Pence’s defense is that, even though the readout of Trump’s call with Zelensky was in his briefing materials on his trip to Europe, he did not bother to read it before the meeting. “Officials close to Pence contend that he traveled to Warsaw for a meeting with Zelensky on Sept. 1 probably without having read — or at least fully registered — the transcript,” the Post records.

Hmmm, who's next in the presidential line of succession if both the Manchurian President and Pence are impeached? B-)
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#13888 User is offline   andrei 

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Posted 2019-October-03, 07:30

View PostWinstonm, on 2019-September-25, 22:31, said:

After viewing the whistleblower complaint relating to President Donald Trump,
Rep. Adam Schiff, the chair of the House intelligence committee,
said the whistleblower has exposed “serious wrongdoing.”
Schiff said the complaint was well-written


View Postandrei, on 2019-September-26, 10:14, said:

It is out and it sounds like a Maggie Haberman piece.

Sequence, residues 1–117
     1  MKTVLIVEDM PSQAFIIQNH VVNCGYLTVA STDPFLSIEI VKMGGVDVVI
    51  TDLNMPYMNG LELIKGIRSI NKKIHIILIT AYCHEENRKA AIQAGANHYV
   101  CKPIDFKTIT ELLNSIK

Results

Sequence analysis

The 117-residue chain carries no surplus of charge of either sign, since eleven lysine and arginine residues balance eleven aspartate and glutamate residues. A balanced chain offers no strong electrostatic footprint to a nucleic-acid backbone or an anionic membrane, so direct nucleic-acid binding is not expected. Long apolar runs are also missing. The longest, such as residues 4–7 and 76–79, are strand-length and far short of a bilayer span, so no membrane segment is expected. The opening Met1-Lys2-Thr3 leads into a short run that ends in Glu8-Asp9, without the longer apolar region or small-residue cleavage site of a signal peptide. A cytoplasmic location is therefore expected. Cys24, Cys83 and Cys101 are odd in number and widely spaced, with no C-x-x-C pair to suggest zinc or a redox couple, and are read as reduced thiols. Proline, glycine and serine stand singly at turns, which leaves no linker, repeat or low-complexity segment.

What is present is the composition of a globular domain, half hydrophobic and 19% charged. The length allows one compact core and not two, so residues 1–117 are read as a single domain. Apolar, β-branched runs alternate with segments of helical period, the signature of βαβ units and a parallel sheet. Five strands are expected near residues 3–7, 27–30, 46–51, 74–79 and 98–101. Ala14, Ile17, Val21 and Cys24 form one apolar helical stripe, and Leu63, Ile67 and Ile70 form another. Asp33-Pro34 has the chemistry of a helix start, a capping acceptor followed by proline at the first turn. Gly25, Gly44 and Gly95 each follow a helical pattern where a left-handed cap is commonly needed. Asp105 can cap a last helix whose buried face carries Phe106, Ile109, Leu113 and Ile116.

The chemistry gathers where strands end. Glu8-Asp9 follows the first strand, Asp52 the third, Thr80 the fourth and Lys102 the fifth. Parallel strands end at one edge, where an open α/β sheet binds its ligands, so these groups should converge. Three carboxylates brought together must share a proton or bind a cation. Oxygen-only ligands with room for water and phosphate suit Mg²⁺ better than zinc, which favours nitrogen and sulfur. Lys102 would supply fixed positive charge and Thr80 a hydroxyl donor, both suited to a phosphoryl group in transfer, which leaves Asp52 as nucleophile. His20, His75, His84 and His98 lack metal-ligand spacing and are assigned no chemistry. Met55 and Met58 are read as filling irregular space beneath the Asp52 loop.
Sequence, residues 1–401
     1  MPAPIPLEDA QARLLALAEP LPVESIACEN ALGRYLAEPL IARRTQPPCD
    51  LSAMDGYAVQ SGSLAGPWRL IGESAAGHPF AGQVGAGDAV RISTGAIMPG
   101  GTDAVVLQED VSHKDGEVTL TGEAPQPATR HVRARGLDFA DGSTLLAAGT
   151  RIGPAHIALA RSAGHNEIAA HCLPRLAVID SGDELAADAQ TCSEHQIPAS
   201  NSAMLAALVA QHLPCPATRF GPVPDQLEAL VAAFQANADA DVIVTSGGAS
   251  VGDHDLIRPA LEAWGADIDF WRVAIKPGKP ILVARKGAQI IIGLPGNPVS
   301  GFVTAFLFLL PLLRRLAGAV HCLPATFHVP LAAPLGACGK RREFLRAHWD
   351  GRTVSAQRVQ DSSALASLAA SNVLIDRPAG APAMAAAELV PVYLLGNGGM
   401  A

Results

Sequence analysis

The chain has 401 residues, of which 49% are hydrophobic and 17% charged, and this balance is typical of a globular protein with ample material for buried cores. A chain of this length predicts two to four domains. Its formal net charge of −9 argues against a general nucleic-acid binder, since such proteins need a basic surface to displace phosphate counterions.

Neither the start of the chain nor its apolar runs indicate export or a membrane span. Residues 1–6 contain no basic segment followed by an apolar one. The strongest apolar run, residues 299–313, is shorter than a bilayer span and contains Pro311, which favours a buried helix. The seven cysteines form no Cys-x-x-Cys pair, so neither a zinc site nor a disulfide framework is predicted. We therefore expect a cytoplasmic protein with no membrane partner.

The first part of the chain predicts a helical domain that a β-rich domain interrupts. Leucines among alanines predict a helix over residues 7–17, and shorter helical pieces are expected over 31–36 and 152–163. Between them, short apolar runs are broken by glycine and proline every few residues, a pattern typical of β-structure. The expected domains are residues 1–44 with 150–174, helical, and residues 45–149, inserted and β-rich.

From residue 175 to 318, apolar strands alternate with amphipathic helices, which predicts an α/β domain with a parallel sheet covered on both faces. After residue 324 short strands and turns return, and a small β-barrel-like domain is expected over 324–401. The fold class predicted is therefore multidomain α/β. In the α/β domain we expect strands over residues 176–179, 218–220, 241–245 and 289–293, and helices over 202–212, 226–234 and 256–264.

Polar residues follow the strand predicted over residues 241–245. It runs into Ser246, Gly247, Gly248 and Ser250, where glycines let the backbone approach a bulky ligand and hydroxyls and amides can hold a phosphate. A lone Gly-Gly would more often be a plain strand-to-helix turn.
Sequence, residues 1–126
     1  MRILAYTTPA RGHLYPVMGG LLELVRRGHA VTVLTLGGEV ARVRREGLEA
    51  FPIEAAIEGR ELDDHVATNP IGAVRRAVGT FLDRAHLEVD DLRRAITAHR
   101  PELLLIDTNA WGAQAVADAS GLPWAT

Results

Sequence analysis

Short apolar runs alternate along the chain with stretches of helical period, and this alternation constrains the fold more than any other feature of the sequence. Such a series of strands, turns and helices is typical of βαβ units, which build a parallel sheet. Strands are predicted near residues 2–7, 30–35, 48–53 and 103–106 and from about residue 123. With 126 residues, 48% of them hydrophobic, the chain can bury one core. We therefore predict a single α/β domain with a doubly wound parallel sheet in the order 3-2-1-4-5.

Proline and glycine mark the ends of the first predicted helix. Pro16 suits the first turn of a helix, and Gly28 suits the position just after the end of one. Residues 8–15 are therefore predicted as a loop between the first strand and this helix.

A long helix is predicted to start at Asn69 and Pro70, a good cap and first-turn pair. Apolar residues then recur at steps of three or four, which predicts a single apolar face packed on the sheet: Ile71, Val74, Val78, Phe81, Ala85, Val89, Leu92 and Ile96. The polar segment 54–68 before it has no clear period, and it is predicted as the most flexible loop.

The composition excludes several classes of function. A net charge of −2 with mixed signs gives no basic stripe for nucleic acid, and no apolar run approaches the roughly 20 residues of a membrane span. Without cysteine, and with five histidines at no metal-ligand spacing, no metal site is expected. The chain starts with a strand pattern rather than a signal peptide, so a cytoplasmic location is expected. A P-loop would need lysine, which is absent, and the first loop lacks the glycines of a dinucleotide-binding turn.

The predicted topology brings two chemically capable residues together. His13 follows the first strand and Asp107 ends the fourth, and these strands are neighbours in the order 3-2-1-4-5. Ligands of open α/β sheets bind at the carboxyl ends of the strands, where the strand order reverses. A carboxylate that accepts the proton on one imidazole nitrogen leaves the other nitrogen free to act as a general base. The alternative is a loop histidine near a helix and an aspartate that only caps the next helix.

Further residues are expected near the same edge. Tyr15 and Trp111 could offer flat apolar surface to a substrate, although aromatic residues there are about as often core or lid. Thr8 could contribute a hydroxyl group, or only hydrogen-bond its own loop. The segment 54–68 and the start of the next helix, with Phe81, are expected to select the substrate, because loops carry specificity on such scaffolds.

I was wrong on this one, it was not Maggie.
Adam Schiff was actually touting his own writing skills.
Don't argue with a fool. He has a rested brain
Before internet age you had a suspicion there are lots of "not-so-smart" people on the planet. Now you even know their names.
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#13889 User is online   hrothgar 

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Posted 2019-October-03, 08:01

View Postandrei, on 2019-October-03, 07:30, said:

I was wrong on this one, it was not Maggie.
Adam Schiff was actually touting his own writing skills.


Its ever so cute, seeing when each of the puppets gets their marching orders...
Alderaan delenda est
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#13890 User is online   y66 

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Posted 2019-October-03, 09:58

From Ryan Avent, columnist at the Economist: